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BC Premier Christy Clark during a meeting with the Editorial Board at The Globe and Mail on June 24, 2011.Peter Power/The Globe and Mail/The Globe and Mail

Premier Christy Clark's "fix" for rising BC Hydro rates will benefit families – by an average saving of $3 per month.

Ms. Clark vowed to take on the Crown utility in one of her first acts when she became Premier in the spring, saying average families couldn't afford the 32-per-cent rate hikes that Hydro wanted to impose over three years. She ordered a Hydro rate review as part of her commitment to revisit the "total burden of costs that government puts on citizens."

That review, released last week, called for massive job cuts at the Crown corporation – from 6,000 full-time positions down to 4,800 – and other spending reductions to curb rising costs.

Last Thursday, the government ordered BC Hydro to cut the rate of its planned increase in half, to 16 per cent over three years. At those rates, the average residential user will pay $4 per month more in each of the next three years, according to BC Hydro president Dave Cobb.

Last December, when the Crown corporation announced its planned rate increases, BC Hydro estimated that a 32-per-cent hike over three years would cost the average household $7 per month each year. At the time, Mr. Cobb said the rate hikes were required to pay for $6-billion in capital costs to meet growing demand, and to renew or replace aging facilities.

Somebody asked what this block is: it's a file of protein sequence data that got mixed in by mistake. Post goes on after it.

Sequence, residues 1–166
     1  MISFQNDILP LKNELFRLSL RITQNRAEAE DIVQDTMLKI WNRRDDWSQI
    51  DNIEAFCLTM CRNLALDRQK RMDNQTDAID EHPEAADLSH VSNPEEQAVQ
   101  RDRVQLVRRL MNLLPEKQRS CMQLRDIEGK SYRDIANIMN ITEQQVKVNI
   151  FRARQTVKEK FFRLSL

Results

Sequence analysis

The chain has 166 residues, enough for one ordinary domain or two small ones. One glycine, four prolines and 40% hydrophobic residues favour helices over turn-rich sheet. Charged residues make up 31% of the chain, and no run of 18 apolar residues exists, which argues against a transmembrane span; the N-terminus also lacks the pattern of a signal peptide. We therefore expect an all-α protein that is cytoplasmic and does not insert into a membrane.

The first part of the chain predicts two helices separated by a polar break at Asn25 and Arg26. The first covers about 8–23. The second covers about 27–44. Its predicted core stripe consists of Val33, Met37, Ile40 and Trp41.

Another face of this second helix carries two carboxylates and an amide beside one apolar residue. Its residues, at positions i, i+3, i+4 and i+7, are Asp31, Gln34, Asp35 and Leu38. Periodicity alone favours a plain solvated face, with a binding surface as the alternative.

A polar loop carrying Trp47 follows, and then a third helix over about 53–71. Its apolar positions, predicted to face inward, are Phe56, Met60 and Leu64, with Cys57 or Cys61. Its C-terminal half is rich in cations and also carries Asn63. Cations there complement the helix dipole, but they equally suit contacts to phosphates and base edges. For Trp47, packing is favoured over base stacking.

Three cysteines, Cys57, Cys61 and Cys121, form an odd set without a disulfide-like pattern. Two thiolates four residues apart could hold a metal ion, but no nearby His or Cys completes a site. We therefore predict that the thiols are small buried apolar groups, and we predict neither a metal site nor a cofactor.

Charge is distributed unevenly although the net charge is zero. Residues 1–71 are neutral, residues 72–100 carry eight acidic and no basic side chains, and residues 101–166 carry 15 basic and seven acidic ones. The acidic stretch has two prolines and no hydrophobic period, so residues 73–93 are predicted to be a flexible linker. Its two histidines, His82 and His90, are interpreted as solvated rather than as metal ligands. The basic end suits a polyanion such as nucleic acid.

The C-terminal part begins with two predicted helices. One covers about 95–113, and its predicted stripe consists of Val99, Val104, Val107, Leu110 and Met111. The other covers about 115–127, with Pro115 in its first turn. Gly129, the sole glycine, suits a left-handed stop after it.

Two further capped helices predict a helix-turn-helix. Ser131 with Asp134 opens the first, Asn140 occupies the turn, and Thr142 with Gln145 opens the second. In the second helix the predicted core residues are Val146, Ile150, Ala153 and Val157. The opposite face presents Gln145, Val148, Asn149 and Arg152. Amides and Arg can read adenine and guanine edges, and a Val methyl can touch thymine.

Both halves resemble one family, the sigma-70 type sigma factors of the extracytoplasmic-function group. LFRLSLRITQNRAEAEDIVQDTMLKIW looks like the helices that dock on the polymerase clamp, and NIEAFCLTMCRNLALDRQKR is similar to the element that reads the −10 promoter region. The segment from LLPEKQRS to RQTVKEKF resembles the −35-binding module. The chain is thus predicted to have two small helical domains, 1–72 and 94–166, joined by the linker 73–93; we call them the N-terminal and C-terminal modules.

But Ms. Clark, even when she was running for the leadership of the B.C. Liberal party in February, said her "families first" agenda would require a rethink of BC Hydro's priorities. She has also ordered a rate review of BC Ferries, which is still in progress, and has rejected ICBC premium increases.

The Hydro review found that some of the planned capital projects could be scaled back by easing legislated requirements to achieve energy self-sufficiency by 2016, and Energy Minister Rich Coleman has accepted the recommendations.

But the review also criticized BC Hydro for gold-plating, citing examples of excessive planning and over-engineering while the payroll ballooned by 40 per cent over the past four years.

BC Hydro now must go back and find $800-million in savings, which are likely to come from delaying capital projects and slashing operating costs. It will also likely come up with rosier forecasts for revenues and stretch debt repayments over a longer period of time.

John Horgan, the B.C. New Democratic Party critic for energy, said Sunday the cuts the government ordered are generating surprisingly little savings for residential customers.

"There is going to be a lot of pain at BC Hydro to get a small amount of relief," he said. "But the increases were so excessive that any respite is going to be welcomed by customers. Half of 32 per cent is better than 32 per cent."

Mr. Horgan said the government is putting too much stock in slashing jobs when it should be rethinking big-ticket infrastructure costs such as the $1-billion Smart Meter program.

He also questioned whether BC Hydro's industrial ratepayers should receive the same benefits of the rate review. "If they are scaling back industrial rates, I think that would be wrong." He noted that some of the major projects, such as the Northwest Transmission Line, will benefit industry not residential customers.

But the government's report on BC Hydro found that it is residential customers who are likely not paying a fair share, and has called for a review of the structure that weighs industrial versus residential rates: "Revenue generated from residential customers may not adequately cover the allocated costs of providing energy to these customers."